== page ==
Retail pharmacies' generic price war draws customers

Generics are generally a high-profit area, but lately retail pharmacies have been pretty aggressive in lowering their generic prices. Each pharmacy is trying to undercut their competitors and draw business to their own pharmacy. Wal-Mart kicked off the competition in 2006 when it began selling many generic prescriptions at $4 for a month's worth of drugs, and since then, it's been all-out war between large pharmacy players.

Walgreens, CVS and Rite Aid have all been introducing, or marketing heavily, their respective discount programs for customers, and they are seeing results. The competition is beginning to affect customers' decisions about where to shop for medications, no doubt helped along by the worsening economy.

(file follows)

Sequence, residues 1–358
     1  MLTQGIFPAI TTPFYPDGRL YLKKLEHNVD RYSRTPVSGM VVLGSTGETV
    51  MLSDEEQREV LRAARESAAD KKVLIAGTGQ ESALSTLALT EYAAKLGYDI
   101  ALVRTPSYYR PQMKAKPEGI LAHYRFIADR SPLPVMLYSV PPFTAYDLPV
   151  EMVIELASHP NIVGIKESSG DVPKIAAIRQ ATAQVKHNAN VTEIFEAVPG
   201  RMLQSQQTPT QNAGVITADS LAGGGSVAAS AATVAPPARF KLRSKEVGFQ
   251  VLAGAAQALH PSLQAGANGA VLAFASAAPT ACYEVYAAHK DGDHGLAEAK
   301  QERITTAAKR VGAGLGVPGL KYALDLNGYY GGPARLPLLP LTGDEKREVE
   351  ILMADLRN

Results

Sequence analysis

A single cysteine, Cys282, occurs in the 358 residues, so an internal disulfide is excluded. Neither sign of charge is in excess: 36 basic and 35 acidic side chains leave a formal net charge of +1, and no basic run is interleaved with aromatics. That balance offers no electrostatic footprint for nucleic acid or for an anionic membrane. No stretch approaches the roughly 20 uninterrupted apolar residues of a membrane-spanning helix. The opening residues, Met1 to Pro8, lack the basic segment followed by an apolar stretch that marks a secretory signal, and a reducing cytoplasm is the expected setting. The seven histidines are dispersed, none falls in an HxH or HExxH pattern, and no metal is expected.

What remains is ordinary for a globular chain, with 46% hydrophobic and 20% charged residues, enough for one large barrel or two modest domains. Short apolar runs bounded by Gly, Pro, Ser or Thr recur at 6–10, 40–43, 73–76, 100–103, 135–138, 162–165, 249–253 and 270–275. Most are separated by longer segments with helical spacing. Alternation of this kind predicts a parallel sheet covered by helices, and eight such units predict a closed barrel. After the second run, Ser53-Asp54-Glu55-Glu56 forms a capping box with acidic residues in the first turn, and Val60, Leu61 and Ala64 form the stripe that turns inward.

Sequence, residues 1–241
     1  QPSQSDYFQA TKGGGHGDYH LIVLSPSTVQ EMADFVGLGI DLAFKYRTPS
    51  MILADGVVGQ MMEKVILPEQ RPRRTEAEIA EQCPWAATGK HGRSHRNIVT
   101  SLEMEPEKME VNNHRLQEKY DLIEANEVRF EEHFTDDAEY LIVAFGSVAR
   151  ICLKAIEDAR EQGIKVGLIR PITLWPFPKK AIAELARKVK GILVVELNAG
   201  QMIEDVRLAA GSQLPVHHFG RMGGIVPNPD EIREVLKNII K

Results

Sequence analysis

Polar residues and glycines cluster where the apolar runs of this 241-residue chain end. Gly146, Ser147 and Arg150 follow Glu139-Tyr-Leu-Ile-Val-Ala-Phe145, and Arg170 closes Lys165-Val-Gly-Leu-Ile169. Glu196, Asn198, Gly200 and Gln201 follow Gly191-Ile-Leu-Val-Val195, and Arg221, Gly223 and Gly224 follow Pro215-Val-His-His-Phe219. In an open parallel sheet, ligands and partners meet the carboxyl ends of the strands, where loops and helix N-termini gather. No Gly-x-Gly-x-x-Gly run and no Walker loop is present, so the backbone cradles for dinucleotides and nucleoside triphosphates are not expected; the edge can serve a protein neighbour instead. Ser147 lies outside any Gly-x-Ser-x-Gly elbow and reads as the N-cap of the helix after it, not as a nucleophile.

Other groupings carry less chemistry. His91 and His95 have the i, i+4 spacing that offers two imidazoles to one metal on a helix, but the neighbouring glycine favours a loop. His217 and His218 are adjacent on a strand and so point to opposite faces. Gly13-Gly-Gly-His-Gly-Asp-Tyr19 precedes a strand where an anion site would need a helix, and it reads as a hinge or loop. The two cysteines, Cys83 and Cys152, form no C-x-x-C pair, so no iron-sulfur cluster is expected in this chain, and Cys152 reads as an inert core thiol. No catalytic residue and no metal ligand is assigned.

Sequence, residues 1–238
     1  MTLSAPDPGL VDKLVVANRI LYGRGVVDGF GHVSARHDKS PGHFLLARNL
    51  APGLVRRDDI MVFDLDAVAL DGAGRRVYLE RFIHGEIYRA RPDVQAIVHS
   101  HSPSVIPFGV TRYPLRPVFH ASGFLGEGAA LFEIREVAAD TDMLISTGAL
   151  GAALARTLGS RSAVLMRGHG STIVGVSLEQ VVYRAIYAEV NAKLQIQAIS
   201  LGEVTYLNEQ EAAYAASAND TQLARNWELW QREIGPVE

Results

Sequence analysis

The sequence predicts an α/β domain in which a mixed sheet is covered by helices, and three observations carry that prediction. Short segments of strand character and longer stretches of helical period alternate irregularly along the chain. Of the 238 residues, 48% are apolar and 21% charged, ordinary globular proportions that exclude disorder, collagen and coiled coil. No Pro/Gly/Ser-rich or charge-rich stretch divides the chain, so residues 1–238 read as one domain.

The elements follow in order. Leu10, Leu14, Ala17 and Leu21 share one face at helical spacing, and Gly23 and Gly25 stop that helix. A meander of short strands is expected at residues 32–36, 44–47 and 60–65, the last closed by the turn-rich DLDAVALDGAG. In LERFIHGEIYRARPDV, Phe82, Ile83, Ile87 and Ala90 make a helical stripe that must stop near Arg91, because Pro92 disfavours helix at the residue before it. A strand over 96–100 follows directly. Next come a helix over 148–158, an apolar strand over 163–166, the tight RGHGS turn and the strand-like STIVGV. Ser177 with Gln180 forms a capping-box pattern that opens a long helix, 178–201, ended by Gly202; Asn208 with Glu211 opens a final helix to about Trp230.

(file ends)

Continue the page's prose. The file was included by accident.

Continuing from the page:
So far, the fight among the retail pharmacies is not affecting the bottom line for mail-order pharmacies like Medco Health Solutions and Express Scripts. Apparently most patients either go for mail-order or retail, and then the competition is among similar models.

To learn more about the competition:
- read this Kaiser Daily Health Policy Report piece

Suggested Articles

The profit margins and management of Community Health Group raise questions about oversight of managed care insurers.

Financial experts are warning practices about the pitfalls of promoting medical credit cards to their patients.

A proposed rule issued by HHS on Tuesday would expand short-term coverage, a move Seema Verma said will have "virtually no impact" on ACA premiums.